In most cases, viruses cause huge damage, with total data loss being the end result. Viruses are designed to destroy systems.
Worms are actually the successor to viruses. They spread damage and are even smarter. For instance, worms go through address books and are looking for ways to actively spread. Worms are also very prevalent on file-sharing sites. Some of the well-known worms include Sasser, Sober, Blaster, MyDome or Loveletter.
Trojans pretend to do one thing, but then do something totally different. For instance, if you’re looking for a particular software application on the Internet, you will quickly find it somewhere. But you should make sure that you download the programs only from the manufacturer’s site or major download portals. Otherwise, you can quickly end up downloading software that you really didn’t want to have. An application that will be out instead to attack your computer.
There is hardly any real distinction nowadays between viruses, worms, and Trojans, with these terms being used interchangeably most of the time.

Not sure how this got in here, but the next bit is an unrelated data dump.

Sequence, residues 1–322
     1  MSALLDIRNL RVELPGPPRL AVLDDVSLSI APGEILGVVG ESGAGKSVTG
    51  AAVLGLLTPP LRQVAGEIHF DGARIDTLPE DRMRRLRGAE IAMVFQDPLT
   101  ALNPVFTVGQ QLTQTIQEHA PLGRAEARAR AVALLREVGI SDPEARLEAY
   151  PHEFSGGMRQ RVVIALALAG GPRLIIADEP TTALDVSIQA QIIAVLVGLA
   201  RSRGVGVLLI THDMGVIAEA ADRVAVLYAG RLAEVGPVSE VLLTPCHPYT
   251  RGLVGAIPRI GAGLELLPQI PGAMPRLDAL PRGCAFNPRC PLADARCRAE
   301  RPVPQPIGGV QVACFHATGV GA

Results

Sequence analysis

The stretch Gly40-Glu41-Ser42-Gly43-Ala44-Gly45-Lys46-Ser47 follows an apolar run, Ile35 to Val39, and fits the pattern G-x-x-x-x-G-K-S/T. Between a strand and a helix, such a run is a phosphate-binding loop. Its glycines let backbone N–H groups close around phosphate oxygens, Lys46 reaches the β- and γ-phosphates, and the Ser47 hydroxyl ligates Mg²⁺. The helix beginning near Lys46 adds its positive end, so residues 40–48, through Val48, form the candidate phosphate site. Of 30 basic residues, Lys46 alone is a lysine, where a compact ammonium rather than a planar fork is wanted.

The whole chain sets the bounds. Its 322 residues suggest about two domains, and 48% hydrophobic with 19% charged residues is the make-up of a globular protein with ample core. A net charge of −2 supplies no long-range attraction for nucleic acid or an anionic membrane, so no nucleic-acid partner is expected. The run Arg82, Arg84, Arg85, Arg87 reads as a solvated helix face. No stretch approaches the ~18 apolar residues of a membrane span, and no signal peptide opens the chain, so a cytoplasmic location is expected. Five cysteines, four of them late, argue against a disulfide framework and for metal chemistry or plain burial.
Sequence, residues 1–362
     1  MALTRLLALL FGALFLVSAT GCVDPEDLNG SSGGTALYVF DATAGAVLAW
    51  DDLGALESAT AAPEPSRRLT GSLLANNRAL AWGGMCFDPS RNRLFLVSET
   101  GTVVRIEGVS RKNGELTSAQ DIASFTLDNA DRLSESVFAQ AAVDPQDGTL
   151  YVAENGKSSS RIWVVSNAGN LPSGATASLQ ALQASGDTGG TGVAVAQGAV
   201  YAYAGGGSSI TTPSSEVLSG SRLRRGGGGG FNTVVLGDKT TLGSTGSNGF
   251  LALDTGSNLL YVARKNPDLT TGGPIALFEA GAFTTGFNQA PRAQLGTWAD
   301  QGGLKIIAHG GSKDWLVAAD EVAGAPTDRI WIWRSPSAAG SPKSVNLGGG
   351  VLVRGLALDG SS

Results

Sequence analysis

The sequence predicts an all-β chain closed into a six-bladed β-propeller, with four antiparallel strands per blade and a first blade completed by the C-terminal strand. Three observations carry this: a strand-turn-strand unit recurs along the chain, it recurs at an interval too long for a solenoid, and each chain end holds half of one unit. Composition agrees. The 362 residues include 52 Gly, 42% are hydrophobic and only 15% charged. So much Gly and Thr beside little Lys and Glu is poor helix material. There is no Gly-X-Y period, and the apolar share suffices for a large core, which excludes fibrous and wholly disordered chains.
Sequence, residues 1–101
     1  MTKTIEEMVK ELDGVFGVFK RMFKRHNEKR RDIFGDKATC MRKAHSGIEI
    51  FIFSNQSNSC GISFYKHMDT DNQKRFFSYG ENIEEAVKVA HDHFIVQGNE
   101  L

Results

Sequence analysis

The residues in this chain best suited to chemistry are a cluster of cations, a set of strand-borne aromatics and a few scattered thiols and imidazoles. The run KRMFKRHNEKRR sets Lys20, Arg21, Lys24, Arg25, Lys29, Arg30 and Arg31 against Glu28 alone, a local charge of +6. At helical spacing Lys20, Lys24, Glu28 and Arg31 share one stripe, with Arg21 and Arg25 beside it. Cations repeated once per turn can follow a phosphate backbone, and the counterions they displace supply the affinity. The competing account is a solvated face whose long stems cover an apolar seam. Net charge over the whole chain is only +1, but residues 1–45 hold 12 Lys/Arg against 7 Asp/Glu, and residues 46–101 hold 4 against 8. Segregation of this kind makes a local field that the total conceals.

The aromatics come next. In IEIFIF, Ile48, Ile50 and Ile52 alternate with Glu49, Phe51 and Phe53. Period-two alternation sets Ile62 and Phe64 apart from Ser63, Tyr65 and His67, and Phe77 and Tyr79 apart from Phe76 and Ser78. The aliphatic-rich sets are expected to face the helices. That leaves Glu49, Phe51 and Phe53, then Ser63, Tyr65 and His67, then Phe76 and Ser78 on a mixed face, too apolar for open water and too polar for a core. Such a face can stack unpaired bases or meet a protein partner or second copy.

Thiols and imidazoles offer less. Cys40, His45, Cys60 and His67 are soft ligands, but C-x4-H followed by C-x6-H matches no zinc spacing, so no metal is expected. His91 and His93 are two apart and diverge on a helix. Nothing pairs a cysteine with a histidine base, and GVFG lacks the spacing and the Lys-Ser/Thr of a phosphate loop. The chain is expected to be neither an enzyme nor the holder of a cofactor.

Spyware, keyloggers, and botnet clients
Spyware are small spies on your computer. Spyware are programs that, for instance, monitor every move you make on the Internet, enabling them to explore your complete usage behavior. Occasionally, these programs can also activate microphones or cameras without you noticing, so that they can create video and audio recordings that you are oblivious to. The purpose of this action is to exploit your accounts, including passwords, or also to blackmail you.
If you have become part of a bot network, someone else has complete control of your computer. Your computer will then perform certain actions in the background that you will not notice, such as sending out spam emails.
What is phishing? Phishing involves fraud being committed with your data, especially fraud using your bank details. This means confidential data such as passwords, bank or credit card details (PIN number, transaction number or other passwords). The data previously obtained using spyware or a keylogger (see above) are actively used to redirect transfers from you to other accounts, debit money from your accounts or to ask acquaintances of yours for money. You might be familiar with the “grandson/nephew” scam? This involves attempts being made under false pretenses to obtain money from you or your acquaintances/friends – except that it is done online, and often without you noticing it.